Let me paint you a picture.


I’ve expended so much energy over the last 7 years trying to convey what this illness feels like, or pretending that I’m feeling fine when the truth was otherwise. It is unique to me though shared in its awfulness with many others. Its only constant is relentlessness, predictable only in its sheer unpredictability. Nigh on impossible to describe as it ebbs and flows, suffocating and confining me to a glass case of existence, but allow me the privilege of this effort:

Overall Pattern

From the onset the pattern of the illness has been that I have suffered an acute episode, or series of them, predicating a collapse in function and capability from which I have recovered slowly, reaching a plateau of health, only for that to relapse, followed by an acute episode…and repeat, several times since 2006.

Acute Episodes

Imagine you’ve just had a near car accident. Your body has responded to that threat by a sudden increase in heart rate and blood pressure. Your heart is hammering, you’re shaking and feeling scared.

Now imagine this happening when you’re perfectly calm and remaining in this state for hours on end, with your gut in spasm causing continuous burping ,your chest so tight you can’t breathe, tremors, spasms, high temperature, swirling head and your heart feeling like it’s going to explode. No apparent cause and no way of relieving other than to keep calm until it passes. Like an accelerator jammed to the floor when a car is in neutral. It is shocking and terrifying and I have to use every ounce of strength not to panic and make it worse.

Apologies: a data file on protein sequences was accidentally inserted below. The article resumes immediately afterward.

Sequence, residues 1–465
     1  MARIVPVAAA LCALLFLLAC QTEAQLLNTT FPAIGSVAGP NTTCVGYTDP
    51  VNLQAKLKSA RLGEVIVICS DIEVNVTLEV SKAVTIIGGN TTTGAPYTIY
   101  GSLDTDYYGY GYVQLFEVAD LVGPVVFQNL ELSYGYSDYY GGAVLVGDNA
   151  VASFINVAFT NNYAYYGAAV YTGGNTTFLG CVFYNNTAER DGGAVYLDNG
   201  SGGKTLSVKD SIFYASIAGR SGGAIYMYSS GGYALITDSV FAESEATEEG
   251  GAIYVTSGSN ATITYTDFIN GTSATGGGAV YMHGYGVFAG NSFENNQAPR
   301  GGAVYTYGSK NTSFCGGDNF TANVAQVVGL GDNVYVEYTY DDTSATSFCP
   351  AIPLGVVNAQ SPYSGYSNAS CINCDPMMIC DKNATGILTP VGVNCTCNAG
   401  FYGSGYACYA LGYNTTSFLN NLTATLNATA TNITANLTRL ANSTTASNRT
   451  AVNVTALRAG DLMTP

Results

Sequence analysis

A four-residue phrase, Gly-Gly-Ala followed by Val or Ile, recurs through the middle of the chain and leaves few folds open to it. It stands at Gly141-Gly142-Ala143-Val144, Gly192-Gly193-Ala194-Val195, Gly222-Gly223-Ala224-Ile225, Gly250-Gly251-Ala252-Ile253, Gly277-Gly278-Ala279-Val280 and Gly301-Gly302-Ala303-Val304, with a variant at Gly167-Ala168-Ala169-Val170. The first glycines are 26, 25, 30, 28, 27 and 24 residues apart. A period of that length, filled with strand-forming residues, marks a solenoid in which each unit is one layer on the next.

There is an even more frightening variation: ventricular tachycardia where my heart feels like it’s stopping and starting, bumping and grinding, fighting against itself to get back into rhythm.

Or a sudden collapse in blood pressure or blood sugar leaving me faint, shaking and unable to stand.

Collapsed State

I’ve heard this described as an amalgam of your worst hangover and the flu, after having run a marathon. It’s worse than that. It is not, emphatically not, about being tired. It is about being so ill that my body is incapable of handling normal stimuli. Everything hurts: light, sound, touch, eating, sitting up, standing, having company, sleeping (if I’m fortunate to sleep). My body is fragile, overwrought and depleted. It is a living death. For me, this state is short-lived though can return at any time. My heart aches for those who remain in this condition.

Recovery Phase

My experience is of various states that vary in intensity, duration and prevalence, involving a cocktail of symptoms, listed at the foot of this post. Progression isn’t linear: it’s chaotic like a fiendish maze; or a game of snakes and ladders where there are hidden snakes and dice; or an elaborate game of chess where you cannot see you opponent’s pieces or moves.

Omnipresent–headaches of every kind.

Weary–this is a variation on the collapsed state. I feel ill and exhausted, devoid of oomph, but can drag myself around and manage to do stuff. It’s like every cell of my body is fighting for breath. I try to perform a delicate balancing act, allowing me to live a little without doing myself any harm.

Wobbly Head– Nasim Marie Jafry described it in her wonderful novel , The State of Me, as your head shifting inside. I feel variously like I’ve just stepped off a ferry, or am on a rollercoaster: undulating, pulsating, having a sudden fall. All while sitting or lying still.